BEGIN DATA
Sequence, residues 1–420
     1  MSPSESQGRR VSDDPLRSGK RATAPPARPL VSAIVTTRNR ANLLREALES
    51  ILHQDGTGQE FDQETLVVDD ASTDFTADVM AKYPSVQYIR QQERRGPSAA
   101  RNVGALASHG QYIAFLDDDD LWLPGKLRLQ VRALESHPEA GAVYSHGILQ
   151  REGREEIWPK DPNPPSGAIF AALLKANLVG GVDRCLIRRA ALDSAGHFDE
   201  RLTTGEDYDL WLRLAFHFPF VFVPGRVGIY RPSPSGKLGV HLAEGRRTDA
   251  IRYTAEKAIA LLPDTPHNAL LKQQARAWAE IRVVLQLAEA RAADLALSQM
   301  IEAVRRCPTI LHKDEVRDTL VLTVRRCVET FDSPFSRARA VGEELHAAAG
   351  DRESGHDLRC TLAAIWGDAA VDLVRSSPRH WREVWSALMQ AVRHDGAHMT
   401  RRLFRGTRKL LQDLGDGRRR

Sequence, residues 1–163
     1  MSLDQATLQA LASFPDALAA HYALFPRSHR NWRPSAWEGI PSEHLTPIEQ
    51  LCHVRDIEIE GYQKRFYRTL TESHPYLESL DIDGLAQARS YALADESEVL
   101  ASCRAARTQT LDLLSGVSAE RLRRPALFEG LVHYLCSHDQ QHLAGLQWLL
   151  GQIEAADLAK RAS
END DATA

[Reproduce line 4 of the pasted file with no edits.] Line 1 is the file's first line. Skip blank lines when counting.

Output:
   101  RNVGALASHG QYIAFLDDDD LWLPGKLRLQ VRALESHPEA GAVYSHGILQ